Appendix 4:
TIMSS Reporting Plans

October 1996

Characterizing Pedagogical Flow (SMSO report)

Many Visions, Many Aims: A Cross-National Investigation of Curricular Intentions in School Mathematics

Many Visions, Many Aims: A Cross-National Investigation of Curricular Intentions in School Science

A Splintered Vision: An Investigation of U.S. Science and Mathematics Education

November 1996

Eighth-Grade Mathematics and Science Performance in International Perspective

Findings from the U.S. Assessments and Questionnaires

Technical Report on the U.S. Findings and Questionnaires

TIMSS Classroom Videotape Studies: Preliminary Findings and Methodology

Findings from Ethnographic Case Studies in Germany, Japan, and the U.S.

Databases (U.S. assessments and questionnaires, mathematics classroom instruction videotapes, case study interview and field notes)

Summer 1997

Fourth-Grade Achievement and Questionnaire Results

Winter 1998

Twelfth-Grade Achievement and Questionnaire Results

Additional reports, papers, and analyses will continue for several years.

For additional information about TIMSS, contact:

Dr. William H. Schmidt
U.S. National Research Coordinator
TIMSS Curriculum Analysis Project
Michigan State University
College of Education
457 Erickson Hall
East Lansing, MI 48824
bschmidt@pilot.msu.edu
O: 517-353-7755
http://ustimss.mus.edu

Dr. Larry Suter
TIMSS Program Officer
National Science Foundation
Division of Research, Evaluation, and Communication
4201 Wilson Boulevard
Arlington, VA 22230
O: 703-306-1650
lsuter@nsf.gov

Dr. Albert Beaton
Director
TIMSS International Study Center
Campion Hall 323
Boston College
Chestnut Hill, MA 02167
O: 617-552-4521
timss@hermes.bc.edu

Dr. Lois Peak
TIMSS Project Officer
U.S. Department of Education
National Center for Education Statistics
555 New Jersey Avenue, NW, Room 402A
Washington, DC 20208
O: 202-219-1804
lois_peak@ed.gov
http://www.ed.gov/nces/timss.html

A brochure summarizing this report entitled Mathematics and Science Education Around the World: What Can We Learn? is also available. For copies of this publication, write:

Mathematical Sciences Education Board or Committee on Science Education K-12
Center for Science, Mathematics, and Engineering Education
National Research Council
2101 Constitution Ave., NW (HA 450), Washington, DC 20418
timss@nas.edu



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--> Appendix 4: TIMSS Reporting Plans October 1996 Characterizing Pedagogical Flow (SMSO report) Many Visions, Many Aims: A Cross-National Investigation of Curricular Intentions in School Mathematics Many Visions, Many Aims: A Cross-National Investigation of Curricular Intentions in School Science A Splintered Vision: An Investigation of U.S. Science and Mathematics Education November 1996 Eighth-Grade Mathematics and Science Performance in International Perspective Findings from the U.S. Assessments and Questionnaires Technical Report on the U.S. Findings and Questionnaires TIMSS Classroom Videotape Studies: Preliminary Findings and Methodology Findings from Ethnographic Case Studies in Germany, Japan, and the U.S. Databases (U.S. assessments and questionnaires, mathematics classroom instruction videotapes, case study interview and field notes) Summer 1997 Fourth-Grade Achievement and Questionnaire Results Winter 1998 Twelfth-Grade Achievement and Questionnaire Results Additional reports, papers, and analyses will continue for several years. For additional information about TIMSS, contact: Dr. William H. Schmidt U.S. National Research Coordinator TIMSS Curriculum Analysis Project Michigan State University College of Education 457 Erickson Hall East Lansing, MI 48824 bschmidt@pilot.msu.edu O: 517-353-7755 http://ustimss.mus.edu Dr. Larry Suter TIMSS Program Officer National Science Foundation Division of Research, Evaluation, and Communication 4201 Wilson Boulevard Arlington, VA 22230 O: 703-306-1650 lsuter@nsf.gov Dr. Albert Beaton Director TIMSS International Study Center Campion Hall 323 Boston College Chestnut Hill, MA 02167 O: 617-552-4521 timss@hermes.bc.edu Dr. Lois Peak TIMSS Project Officer U.S. Department of Education National Center for Education Statistics 555 New Jersey Avenue, NW, Room 402A Washington, DC 20208 O: 202-219-1804 lois_peak@ed.gov http://www.ed.gov/nces/timss.html A brochure summarizing this report entitled Mathematics and Science Education Around the World: What Can We Learn? is also available. For copies of this publication, write: Mathematical Sciences Education Board or Committee on Science Education K-12 Center for Science, Mathematics, and Engineering Education National Research Council 2101 Constitution Ave., NW (HA 450), Washington, DC 20418 timss@nas.edu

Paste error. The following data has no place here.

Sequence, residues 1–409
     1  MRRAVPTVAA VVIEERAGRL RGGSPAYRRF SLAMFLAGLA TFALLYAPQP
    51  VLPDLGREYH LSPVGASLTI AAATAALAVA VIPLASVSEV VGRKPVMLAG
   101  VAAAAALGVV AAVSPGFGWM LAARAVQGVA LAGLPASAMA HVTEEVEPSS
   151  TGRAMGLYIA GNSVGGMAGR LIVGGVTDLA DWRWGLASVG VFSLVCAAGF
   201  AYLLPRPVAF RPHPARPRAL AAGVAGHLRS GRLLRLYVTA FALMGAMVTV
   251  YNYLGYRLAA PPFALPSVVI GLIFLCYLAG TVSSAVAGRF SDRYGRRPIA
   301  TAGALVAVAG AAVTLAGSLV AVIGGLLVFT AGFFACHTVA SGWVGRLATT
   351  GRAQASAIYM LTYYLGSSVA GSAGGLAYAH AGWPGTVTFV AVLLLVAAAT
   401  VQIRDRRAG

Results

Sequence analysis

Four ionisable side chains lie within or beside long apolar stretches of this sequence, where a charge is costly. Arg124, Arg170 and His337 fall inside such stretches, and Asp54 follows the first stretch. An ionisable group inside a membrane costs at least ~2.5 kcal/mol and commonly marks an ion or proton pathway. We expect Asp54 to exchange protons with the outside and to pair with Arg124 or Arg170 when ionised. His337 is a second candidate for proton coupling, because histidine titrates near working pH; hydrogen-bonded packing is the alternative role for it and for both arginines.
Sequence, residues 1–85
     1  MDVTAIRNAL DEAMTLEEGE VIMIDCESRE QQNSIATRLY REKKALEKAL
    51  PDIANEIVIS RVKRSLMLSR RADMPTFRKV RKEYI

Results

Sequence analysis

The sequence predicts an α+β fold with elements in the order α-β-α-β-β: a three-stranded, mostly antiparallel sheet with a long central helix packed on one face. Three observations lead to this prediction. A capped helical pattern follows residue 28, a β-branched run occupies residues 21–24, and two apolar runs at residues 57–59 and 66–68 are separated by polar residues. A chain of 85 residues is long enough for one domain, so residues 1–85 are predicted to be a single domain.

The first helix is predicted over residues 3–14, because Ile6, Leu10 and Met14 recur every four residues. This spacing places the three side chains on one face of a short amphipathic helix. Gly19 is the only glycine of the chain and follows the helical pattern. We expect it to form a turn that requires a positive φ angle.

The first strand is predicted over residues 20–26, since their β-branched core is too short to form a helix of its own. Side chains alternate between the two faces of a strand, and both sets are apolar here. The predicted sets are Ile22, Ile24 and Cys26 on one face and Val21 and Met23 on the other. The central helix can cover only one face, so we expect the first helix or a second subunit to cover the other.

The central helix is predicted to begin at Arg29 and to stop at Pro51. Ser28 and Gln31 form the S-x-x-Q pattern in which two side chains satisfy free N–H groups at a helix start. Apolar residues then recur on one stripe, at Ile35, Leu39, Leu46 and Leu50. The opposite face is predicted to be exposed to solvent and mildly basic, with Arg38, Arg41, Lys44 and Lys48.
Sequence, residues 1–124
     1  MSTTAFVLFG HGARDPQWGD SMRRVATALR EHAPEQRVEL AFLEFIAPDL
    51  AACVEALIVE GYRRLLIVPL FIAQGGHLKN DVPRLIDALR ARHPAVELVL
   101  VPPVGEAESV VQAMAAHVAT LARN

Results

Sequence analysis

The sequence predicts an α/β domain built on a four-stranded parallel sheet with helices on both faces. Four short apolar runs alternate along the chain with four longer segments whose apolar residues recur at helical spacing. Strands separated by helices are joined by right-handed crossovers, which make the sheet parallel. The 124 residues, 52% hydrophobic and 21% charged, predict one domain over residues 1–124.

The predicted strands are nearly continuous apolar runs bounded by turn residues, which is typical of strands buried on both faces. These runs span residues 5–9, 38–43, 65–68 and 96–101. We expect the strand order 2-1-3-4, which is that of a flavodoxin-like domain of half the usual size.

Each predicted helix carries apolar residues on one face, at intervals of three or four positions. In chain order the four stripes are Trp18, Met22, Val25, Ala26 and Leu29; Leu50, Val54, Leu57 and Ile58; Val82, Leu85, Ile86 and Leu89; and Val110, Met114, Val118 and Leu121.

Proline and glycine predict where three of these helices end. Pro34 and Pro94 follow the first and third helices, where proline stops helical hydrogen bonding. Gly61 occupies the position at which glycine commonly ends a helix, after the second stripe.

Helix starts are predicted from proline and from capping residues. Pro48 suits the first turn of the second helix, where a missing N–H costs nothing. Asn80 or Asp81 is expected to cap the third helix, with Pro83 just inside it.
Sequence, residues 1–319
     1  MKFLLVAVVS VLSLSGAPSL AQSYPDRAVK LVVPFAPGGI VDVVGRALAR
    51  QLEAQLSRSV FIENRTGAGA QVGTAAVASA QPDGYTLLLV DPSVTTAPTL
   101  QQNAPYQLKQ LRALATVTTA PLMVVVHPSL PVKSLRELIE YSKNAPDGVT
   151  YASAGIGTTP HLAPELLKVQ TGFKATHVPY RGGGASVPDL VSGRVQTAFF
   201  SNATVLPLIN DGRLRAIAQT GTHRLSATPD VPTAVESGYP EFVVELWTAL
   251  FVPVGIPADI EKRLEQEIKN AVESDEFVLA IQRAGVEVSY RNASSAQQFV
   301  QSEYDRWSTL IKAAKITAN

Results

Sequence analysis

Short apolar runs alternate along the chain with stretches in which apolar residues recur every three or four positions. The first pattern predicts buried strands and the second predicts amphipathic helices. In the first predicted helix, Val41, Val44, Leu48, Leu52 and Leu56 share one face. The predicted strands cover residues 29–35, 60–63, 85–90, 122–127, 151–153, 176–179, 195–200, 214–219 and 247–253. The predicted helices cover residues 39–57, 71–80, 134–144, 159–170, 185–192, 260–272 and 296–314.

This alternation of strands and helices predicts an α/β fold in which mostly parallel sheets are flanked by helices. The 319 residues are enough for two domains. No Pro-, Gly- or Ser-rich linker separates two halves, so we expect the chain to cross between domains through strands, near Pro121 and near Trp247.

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--> Mathematical Sciences Education Board Hyman Bass (Chair), Department of Mathematics, Columbia University, New York Glenda T. Lappan (Vice Chair), Department of Mathematics, Michigan State University, East Lansing Sadie C. Bragg, Academic Affairs and Department of Mathematics, The City University of New York Gail F. Burrill, National Center for Research in Mathematical Sciences Education, University of Wisconsin at Madison Shari Ann Wilson Coston, Arkansas Education Renewal Consortium, Henderson State University, Arkadelphia Shelley K. Ferguson, Eastlake Elementary School, San Diego, California Melvin D. George, President Emeritus, St. Olaf College, Northfield, Minnesota Roger E. Howe, Department of Mathematics, Yale University, New Haven, Connecticut Bruce Jacobs, Oakland Electronic Commerce Resource Center, Oakland, California Rick D. Jennings, Eisenhower High School, Yakima, Washington Harvey B. Keynes, Department of Mathematics, University of Minnesota, Minneapolis James R.C. Leitzel, Department of Mathematics, University of New Hampshire, Durham Paul G. LeMahieu, University of Delaware and Delaware Department of Public Instruction, Newark Tony Q. Martinez, Leander High School, Leander, Texas Pamela E. Matthews, Department of Mathematics and Statistics, American University, Washington, D.C. Margaret Hagen Wright, AT&T Bell Laboratories, Murray Hill, New Jersey Committee on Science Education K-12 Jane Butler Kahle (Chair), Department of Teacher Education, Miami University, Oxford, Ohio Joseph D. McInerney (Vice Chair), Biological Sciences Curriculum Study, Pikes Peak Research Park, Colorado Springs, Colorado J. Myron Atkin, School of Education, Stanford University, Stanford, California Caryl Edward Buchwald, Department of Geology, Carleton College, Northfield, Minnesota George Bugliarello, Chancellor, Polytechnic University, Brooklyn, New York Christine Chopyak-Minor, Keystone Science School, Keystone, Colorado Peter B. Dow, Buffalo Museum of Science, New York William E. Dugger, Jr., Technology for All Americans, Blacksburg, Virginia Wade Ellis, Jr., Department of Mathematics, West Valley College, Saratoga, California Norman Hackerman, The Robert A. Welch Foundation, Houston, Texas William Hammers, Cessna Aircraft Company, Wichita, Kansas Robert Hazen, Carnegie Institution of Washington, Washington, D.C., and George Mason University, Fairfax, Virginia Michael G. Lang, Phoenix Urban Systemic Initiative, Maricopa Community College, Tempe, Arizona William Linder-Scholer, SciMathMN, St. Paul, Minnesota Maria Alicia Lopez Freeman, Center for Teacher Leadership in Language and Status, California Science Project, Monterey Park John A. Moore, Department of Biology, University of California at Riverside Darlene Norfleet, Flynn Park Elementary School, University City, Missouri William Spooner, Instructional Services, North Carolina Department of Public Instruction, Raleigh Judith Sydner-Gordon, TEAMS Science Distance Learning Instructor, Los Angeles County Office of Education, Downey, California Rachel Wood, Science Frameworks Commission, Delaware State Department of Public Instruction, Dover